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    Coincidentally I just got an email from Ken yesterday afternoon.

    if you know me by previous@email, please use my new email address:


    thank you, ken thompson

    I had emailed him a few years back to ask about some story I read that he had snuck an alligator into Bell Labs. Surprisingly, he responded:

    there is a youtube video of a speech i gave describing the alligator. you hae to skip 25-30 minutes to get to me.


    I suspected the email I got yesterday was fraudulent since I hadn’t contacted him in so many years, so I replied and asked if it was legitimate. He responded back saying it was, from the previous email address.

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      Another historical gem, for me:

      Normally, a program’s standard input is the user’s console keyboard, and the standard output is the console printer.

      (Emphasis mine)

      Sounds like a cue for the near-obligatory photo of Thompson & Richie at a teletype terminal in front of the PDP-11.

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        Wow, this is amazing! Despite working on a Unix shell since 2016, I’ve never seen this paper. [1]

        The paper I think of when I think of Thompson’s shell is “The Unix Time-Sharing System”: https://dsf.berkeley.edu/cs262/unix.pdf

        Section 6 talks about the shell. It talks about command lookup, redirections, pipelines, semicolon / ampersand, and subshells.

        OK that is most of what this paper talks about, but it also has the minor detail of >> for append, the if statement, and goto (which are mentioned but not demonstrated in the former paper).

        It also has the : no-op / null command .

        And it talks about globs, but doesn’t demonstrate them.

        Most importantly, it begins and ends with a “sermonette” on program design! Having only byte streams is a feature not a bug.

        I probably have to write a blog post about this, but I noticed the top comment in this thread on “wishlist OS design” is in total opposition to that:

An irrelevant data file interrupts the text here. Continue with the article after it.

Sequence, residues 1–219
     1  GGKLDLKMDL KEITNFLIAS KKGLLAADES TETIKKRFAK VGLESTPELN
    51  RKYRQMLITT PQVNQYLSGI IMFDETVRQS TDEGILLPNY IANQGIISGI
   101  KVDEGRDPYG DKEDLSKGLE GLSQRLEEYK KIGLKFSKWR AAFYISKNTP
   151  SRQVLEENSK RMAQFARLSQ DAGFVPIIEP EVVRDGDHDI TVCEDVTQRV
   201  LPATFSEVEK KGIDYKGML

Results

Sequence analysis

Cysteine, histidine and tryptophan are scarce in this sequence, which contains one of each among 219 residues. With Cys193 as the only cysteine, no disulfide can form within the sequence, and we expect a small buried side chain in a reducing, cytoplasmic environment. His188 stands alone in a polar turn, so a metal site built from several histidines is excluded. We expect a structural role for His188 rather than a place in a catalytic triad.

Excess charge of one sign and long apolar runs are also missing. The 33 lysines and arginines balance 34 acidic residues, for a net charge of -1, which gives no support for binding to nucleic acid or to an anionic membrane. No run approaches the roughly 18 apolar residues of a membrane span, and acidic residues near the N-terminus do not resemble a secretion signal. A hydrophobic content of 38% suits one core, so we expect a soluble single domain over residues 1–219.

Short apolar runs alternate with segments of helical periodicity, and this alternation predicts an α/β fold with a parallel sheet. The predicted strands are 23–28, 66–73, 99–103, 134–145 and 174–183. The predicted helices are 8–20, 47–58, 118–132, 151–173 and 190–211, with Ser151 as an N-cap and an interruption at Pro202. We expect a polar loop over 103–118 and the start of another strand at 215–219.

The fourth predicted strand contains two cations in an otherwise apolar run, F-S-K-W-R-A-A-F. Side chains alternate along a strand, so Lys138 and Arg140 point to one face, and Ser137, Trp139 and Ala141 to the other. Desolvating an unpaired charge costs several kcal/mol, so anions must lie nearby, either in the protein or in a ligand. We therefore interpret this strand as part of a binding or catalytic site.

Files can have structure! And they do. But the kernel should not know about that structure. Higher levels of the OS can take care of that.

        This is exactly the philosophy behind QSN [2] and QTSV. A QSN string is still a string. Similar to how all ASCII strings are UTF-8 strings (another Thompson design).

        [1] And despite archiving some history here, including on Thompson’s regex, and Korn shell:


        [2] http://www.oilshell.org/release/latest/doc/qsn.html

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          In your defense, this looks to be fairly hard to find…

          Along with qmacro, I read the first paragraph and wanted to read more. I was too lazy to go pull this up on my desktop, but the image size and format was a bit tedious on my laptop, so I went hunting for a PDF.

          For anyone more industrious and/or connected…

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            Aha. @susam thankfully mooted my effort :)

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            “Sermonette” - very appropriate and thank you for ensuring I focused on the first bit instead of just diving into the main body. I have read the first paragraph over and over again, I dunno whether it’s the coffee I’ve had but I find it to be beautifully constructed, playful, and yet laced with absolute seriousness. Here’s that paragraph in copy/pasteable form (the first sentence alone is, to me, very quoteworthy!):

            A program is generally exponentially complicated by the number of notions that it invents for itself. To reduce this complication to a minimum, you have to make the number of notions zero or one, which are two numbers that can be raised to any power without disturbing this concept. Since you cannot achieve much with zero notions, it is my belief that you should base systems on a single notion.

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            From the Wayback Machine link in this post:

            The first ever paper that was published on the UNIX shell. This typed copy was published in Infotech State of the Art Report: Structured Programming.

            Uploaded with permission from original author Ken Thompson.

            Uploaded by wesleyneo on February 10, 2018

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              Last night, I got Ken Thompson’s permission to combine the scanned images into a single PDF document and redistribute it on the Internet. The combined PDF is available here: github.com/susam/tucl.

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                Thank you! I was finding the image format a bit tedious and burned a bit of time looking for any other copies.